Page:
By J. Thorek. University of South Carolina, Aiken. 2019.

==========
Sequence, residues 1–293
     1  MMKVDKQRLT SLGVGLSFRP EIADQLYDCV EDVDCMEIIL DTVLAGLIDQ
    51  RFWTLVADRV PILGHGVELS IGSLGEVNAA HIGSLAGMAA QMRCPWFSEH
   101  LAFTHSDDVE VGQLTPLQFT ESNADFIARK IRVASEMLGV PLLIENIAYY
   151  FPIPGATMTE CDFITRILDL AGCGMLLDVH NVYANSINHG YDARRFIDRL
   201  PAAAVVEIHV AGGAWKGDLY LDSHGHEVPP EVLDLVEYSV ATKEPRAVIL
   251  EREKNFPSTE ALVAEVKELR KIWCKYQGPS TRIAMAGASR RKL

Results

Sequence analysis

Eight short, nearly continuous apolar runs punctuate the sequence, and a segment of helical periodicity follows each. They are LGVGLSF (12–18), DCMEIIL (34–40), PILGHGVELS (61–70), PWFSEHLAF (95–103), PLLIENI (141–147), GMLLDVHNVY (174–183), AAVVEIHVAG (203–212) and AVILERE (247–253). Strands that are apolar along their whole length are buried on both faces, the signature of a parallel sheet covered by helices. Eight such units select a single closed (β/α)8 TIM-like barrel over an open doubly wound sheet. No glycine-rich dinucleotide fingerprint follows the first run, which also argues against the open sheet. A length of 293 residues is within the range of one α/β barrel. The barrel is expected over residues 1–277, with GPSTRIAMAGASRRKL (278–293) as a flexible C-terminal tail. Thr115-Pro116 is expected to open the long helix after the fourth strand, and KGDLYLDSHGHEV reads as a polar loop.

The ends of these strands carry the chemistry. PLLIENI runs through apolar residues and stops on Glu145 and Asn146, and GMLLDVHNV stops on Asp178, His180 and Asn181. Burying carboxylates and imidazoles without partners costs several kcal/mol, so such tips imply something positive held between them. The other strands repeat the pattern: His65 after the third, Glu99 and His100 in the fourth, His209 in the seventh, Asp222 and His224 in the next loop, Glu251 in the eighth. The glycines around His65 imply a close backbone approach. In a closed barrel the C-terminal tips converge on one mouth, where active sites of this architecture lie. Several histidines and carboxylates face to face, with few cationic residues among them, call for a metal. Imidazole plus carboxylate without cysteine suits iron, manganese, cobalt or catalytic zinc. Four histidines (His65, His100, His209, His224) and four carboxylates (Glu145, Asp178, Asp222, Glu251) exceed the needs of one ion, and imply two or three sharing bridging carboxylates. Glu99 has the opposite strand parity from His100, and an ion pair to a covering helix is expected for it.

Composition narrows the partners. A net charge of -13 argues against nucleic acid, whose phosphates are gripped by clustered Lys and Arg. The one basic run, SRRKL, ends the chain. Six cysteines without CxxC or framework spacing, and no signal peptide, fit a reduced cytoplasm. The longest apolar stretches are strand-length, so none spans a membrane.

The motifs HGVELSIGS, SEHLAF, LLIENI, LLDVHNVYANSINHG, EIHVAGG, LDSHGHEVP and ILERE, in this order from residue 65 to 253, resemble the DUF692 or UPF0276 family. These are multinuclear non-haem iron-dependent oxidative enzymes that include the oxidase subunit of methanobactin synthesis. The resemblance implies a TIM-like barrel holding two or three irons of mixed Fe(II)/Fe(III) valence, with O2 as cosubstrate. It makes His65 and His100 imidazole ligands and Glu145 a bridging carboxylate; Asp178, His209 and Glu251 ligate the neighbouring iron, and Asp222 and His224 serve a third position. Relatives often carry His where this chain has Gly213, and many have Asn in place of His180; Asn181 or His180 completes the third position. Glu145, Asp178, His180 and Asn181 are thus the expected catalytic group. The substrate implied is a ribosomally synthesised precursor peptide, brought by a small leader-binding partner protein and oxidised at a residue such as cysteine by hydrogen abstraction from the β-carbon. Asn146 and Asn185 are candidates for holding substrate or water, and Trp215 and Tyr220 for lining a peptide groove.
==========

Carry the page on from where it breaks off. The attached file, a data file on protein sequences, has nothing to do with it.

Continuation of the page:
Mode of transmission—Ingestion of the organisms in under- cooked meat purchase feldene 20mg with amex, contaminated food and water purchase 20mg feldene, or raw milk; from contact with infected pets (especially puppies and kittens), farm animals or infected infants. Contamination of milk usually occurs from intestinal carrier cattle; people and food can be contaminated from poultry, especially from common cutting boards. Incubation period—Usually 2 to 5 days, with a range of 1–10 days, depending on dose ingested. Period of communicability—Throughout the course of infection; usually several days to several weeks. The temporary carrier state is probably of little epidemiological importance, except for infants and others who are incontinent of stool. Chronic infection of poultry and other animals constitutes the primary source of infection. Susceptibility—Immune mechanisms are not well understood, but lasting immunity to serologically related strains follows infection. In developing countries, most people develop immunity in the ﬁrst 2 years of life. Preventive measures: 1) Control and prevention measures at all stages of the food- chain, from agricultural production on the farm to process- ing, manufacturing and preparation of foods in both commer- cial establishments and the domestic environment. Use irradiated foods or thoroughly cook all animal foodstuffs, particularly poultry. Avoid common cutting boards and re- contamination from uncooked foods within the kitchen after cooking is completed. Comprehensive control programs and hygienic measures (change of boots and clothes; thorough cleaning and disinfection) to prevent spread of organisms in poultry and animal farms. Good slaughtering and handling practices will reduce contamination of carcases and meat products. Puppies and kittens with diarrhea are possible sources of infection; erythromycin may be used to treat their infections, reducing risk of transmission to children. Control of patient, contacts and the immediate environment: 1) Report to local health authority: Obligatory case report in several countries, Class 2 (see Reporting). Ex- clude symptomatic individuals from food handling or care of people in hospitals, custodial institutions and day care cen- tres; exclude asymptomatic convalescent stool-positive indi- viduals only for those with questionable handwashing habits. In communities with an adequate sewage dis- posal system, feces can be discharged directly into sewers without preliminary disinfection. Identiﬁcation—A mycosis usually conﬁned to the superﬁcial layers of skin or mucous membranes, presenting clinically as oral thrush, intertrigo, vulvovaginitis, paronychia or onychomycosis. The single most valuable laboratory test is microscopic demonstration of pseudohyphae and/or yeast cells in infected tissue or body ﬂuids. Culture conﬁrmation is important, but isolation from sputum, bronchial washings, stool, urine, mucosal surfaces, skin or wounds is not proof of a causal relationship to the disease. Candida (Torulopsis) glabrata is distinguished from other causes of candidiasis by lack of pseudohyphae formation in tissue. Mode of transmission—Contact with secretions or excretions of mouth, skin, vagina and feces, from patients or carriers; by passage from mother to neonate during childbirth; and by endogenous spread. Susceptibility—The frequent isolation of Candida species from sputum, throat, feces and urine in the absence of clinical evidence of infection suggests a low level of pathogenicity or widespread immu- nity. Oral thrush is a common, usually benign condition during the ﬁrst few weeks of life. Local factors contributing to superﬁcial candidiasis include interdigital intertrigo and paronychia on hands with excessive water exposure (e. Uri- nary tract candidiasis usually arises as a complication of prolonged catheterization of the bladder or renal pelvis. Most adults and older children have a delayed dermal hypersensitivity to the fungus and possess humoral antibodies. Preventive measures: Early detection and local treatment of any infection in the mouth, oesophagus or urinary bladder of those with predisposing systemic factors (see Susceptibility) to prevent systemic spread. Fluconazole chemoprophylaxis de- creases the incidence of deep candidiasis during the ﬁrst 2 months following allogenic bone marrow transplantation. Anti- fungal agents that are absorbed fully (ﬂuconazole, ketocon- azole, itraconazole) or partially (miconazole, clotrimazole) from the gastrointestinal tract have been found to be effective in preventing oral candidiasis in cancer patients receiving chemotherapy. Control of patient, contacts and the immediate environment: 1) Report to local health authority: Ofﬁcial report not ordinarily justiﬁable, Class 5 (see Reporting). Topical nystatin or an azole (miconazole, clotrimazole, ketoconazole, ﬂucon- azole) is useful in many forms of superﬁcial candidiasis. Oral clotrimazole troches or nystatin suspension are effec- tive for treatment of oral thrush. Itraconazole suspension or ﬂuconazole is effective in oral and oesophageal candi- diasis. Epidemic measures: Outbreaks are most frequently due to contaminated intravenous solutions and thrush in nurseries for newborns. Identiﬁcation—First described in Luzon, Philippines, in the early 1960s, the disease is clinically an enteropathy with massive protein loss and a malabsorption syndrome leading to progressive weight loss and emaciation.